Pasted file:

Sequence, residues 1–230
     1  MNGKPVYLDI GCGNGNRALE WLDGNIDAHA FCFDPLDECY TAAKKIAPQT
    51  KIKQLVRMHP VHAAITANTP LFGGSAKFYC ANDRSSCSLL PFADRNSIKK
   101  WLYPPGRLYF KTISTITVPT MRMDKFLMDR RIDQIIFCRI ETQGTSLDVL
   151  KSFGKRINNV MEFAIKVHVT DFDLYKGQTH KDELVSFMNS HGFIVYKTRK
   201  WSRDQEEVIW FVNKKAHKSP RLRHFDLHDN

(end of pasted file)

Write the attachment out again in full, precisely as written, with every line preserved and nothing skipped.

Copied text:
Sequence, residues 1–230
     1  MNGKPVYLDI GCGNGNRALE WLDGNIDAHA FCFDPLDECY TAAKKIAPQT
    51  KIKQLVRMHP VHAAITANTP LFGGSAKFYC ANDRSSCSLL PFADRNSIKK
   101  WLYPPGRLYF KTISTITVPT MRMDKFLMDR RIDQIIFCRI ETQGTSLDVL
   151  KSFGKRINNV MEFAIKVHVT DFDLYKGQTH KDELVSFMNS HGFIVYKTRK
   201  WSRDQEEVIW FVNKKAHKSP RLRHFDLHDN